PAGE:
Marseille, France (Nov 12, 2010)

Photo taken in Marseille, France on November 12, 2010.

Before we go any further, be sure to take a good close look at that picture. Everything about the display of that sweatshirt in a shop in the middle of Marseille is so incredibly bizarre, that I don’t even know where to begin. For anyone totally clueless, Bronxville is a very wealthy self-proclaimed ‘village’ with approximately 6500 residents about 15 miles north of Manhattan in New York State. (According to Wikipedia, it is actually one of the places in the country with the most affluent households and the highest average incomes.) Sarah Lawrence College (from which both Catie and I graduated) happens to be located in Bronxville. Actually, to be more precise, SLC sits mostly in the much less prestigious city of Yonkers, but the college is very careful about associating itself (including its postal code) instead with Bronxville as much as possible since it has such a nice (and did I mention wealthy?) high-class reputation.

OK, so the obvious general question is – how did a Bronxville sweatshirt end up in Marseille? Who knows. And why did someone put it there? Well, it does also say “NEW YORK” underneath, and it seems like no matter where you go in the world, there will always be people who want to associate themselves with New York. That’s fine! I’m not judging! New York is a great place. I love it there!

The next weirdest part of the display is the listed price of the sweatshirt. Over the course of my last three months living and squandering money in France, I have become intimately familiar with the exchange rate between the Euro and the American dollar. It has remained fairly consistently at a rate of at least $1.33 for every €1.00. (In other words, for whatever price you see in France, add on an extra third of that to get the true cost for us American suckers. After you do that, feel free to cry a little before paying the probably egregious sum.) That means that this Bronxville sweatshirt – which in my opinion is rather old and ratty-looking, not to mention just plain boring – is being sold in a French shop for almost $45. I don’t think even the swindlers who work at the Sarah Lawrence College bookstore would try to charge that much for such a sweatshirt. Who is buying this for $45? I honestly can’t imagine.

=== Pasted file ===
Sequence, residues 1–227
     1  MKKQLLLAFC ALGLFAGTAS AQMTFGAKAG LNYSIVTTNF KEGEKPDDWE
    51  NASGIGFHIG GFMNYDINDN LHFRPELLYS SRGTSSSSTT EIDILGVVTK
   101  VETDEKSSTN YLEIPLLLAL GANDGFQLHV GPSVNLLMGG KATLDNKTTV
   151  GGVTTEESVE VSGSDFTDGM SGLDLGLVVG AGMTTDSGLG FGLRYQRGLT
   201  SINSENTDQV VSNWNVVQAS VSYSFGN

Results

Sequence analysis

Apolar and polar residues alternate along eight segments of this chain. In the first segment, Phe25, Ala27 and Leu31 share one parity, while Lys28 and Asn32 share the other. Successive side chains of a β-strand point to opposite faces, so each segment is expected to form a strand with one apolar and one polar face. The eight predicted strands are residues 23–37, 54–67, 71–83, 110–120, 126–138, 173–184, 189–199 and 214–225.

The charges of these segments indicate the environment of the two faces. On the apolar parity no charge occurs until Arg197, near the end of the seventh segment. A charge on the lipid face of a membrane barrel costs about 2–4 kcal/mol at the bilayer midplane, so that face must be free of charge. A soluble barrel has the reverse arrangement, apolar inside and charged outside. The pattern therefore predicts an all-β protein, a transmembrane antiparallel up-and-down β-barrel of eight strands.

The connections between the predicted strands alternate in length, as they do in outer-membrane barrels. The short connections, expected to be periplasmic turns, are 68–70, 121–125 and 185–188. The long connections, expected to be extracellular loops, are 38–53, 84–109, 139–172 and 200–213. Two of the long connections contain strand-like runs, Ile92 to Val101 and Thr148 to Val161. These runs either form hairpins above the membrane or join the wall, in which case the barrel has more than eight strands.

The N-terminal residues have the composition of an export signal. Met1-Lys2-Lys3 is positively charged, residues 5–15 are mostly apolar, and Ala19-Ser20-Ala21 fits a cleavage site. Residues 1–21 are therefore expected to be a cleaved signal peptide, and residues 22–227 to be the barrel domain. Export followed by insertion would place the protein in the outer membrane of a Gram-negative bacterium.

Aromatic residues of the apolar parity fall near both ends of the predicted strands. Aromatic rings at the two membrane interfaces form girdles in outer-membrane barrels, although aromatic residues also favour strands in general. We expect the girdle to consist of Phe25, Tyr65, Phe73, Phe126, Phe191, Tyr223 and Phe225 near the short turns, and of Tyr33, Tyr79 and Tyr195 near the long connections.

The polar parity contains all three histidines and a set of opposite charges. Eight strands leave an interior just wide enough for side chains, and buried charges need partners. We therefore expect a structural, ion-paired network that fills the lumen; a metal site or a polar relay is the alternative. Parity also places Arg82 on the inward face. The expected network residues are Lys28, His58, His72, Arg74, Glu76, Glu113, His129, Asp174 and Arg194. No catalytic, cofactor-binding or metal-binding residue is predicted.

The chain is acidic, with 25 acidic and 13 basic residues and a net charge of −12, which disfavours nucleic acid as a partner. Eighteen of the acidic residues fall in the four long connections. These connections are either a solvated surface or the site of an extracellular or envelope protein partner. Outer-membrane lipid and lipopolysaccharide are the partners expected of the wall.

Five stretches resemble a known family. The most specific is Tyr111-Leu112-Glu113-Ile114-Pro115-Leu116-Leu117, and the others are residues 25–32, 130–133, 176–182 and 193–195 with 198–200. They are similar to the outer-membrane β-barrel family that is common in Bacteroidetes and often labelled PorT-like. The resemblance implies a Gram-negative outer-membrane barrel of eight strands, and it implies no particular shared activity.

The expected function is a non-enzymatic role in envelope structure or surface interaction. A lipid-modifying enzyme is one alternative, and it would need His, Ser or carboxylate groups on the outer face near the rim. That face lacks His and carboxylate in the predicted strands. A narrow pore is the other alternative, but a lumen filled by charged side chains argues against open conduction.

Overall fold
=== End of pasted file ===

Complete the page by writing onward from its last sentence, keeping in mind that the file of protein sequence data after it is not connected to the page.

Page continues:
Finally, we get to what I think is easily the strangest part of this enigma. Why is it labeled as a “SCOTCH and SODA” sweatshirt? Is it because this is the type of article of clothing that you would only want to wear while lounging about, drinking scotch and soda? (For that matter, do people lounge about, drinking scotch and soda? I haven’t the foggiest.)

EDIT: I did some research, and I found out that Scotch & Soda is actually the name of an “Amsterdam Couture” fashion design house, specializing in very expensive clothes. I can’t actually find the Bronxville sweat anywhere on their website or store, but let us assume that it is indeed designed and distributed by this company. I have to say, I think this makes it even weirder! What is expensive and fashionable about a shabby blue Bronxville sweatshirt!? Who in Amsterdam decided this was a chic idea?! Have they been to Bronxville before? Were they trying to make a BRONX sweatshirt instead, and just got confused? (Not that I would consider a Bronx sweatshirt particularly “chic” by any regard, but it would at least be more imaginable than Bronxville!)

I am sure this mystery will never be solved. Maybe if I had stayed in France long enough, I would have started seeing fashionable young ladies wearing black tights, tall boots, and sweatshirts featuring the names of other somewhat obscure locales in Westchester County. Who’s to say, really…

Marseille, France (Nov 12, 2010)
Marseille, France (Nov 12, 2010)
Marseille, France (Nov 12, 2010)
Marseille, France (Nov 12, 2010)
Marseille, France (Nov 12, 2010)
Marseille, France (Nov 12, 2010)
Marseille, France (Nov 12, 2010)
Marseille, France (Nov 12, 2010)
Marseille, France (Nov 12, 2010)
Marseille, France (Nov 12, 2010)
Marseille, France (Nov 13, 2010)
Marseille, France (Nov 13, 2010)
Marseille, France (Nov 13, 2010)

Photos taken in Marseille, France on November 12-13, 2010.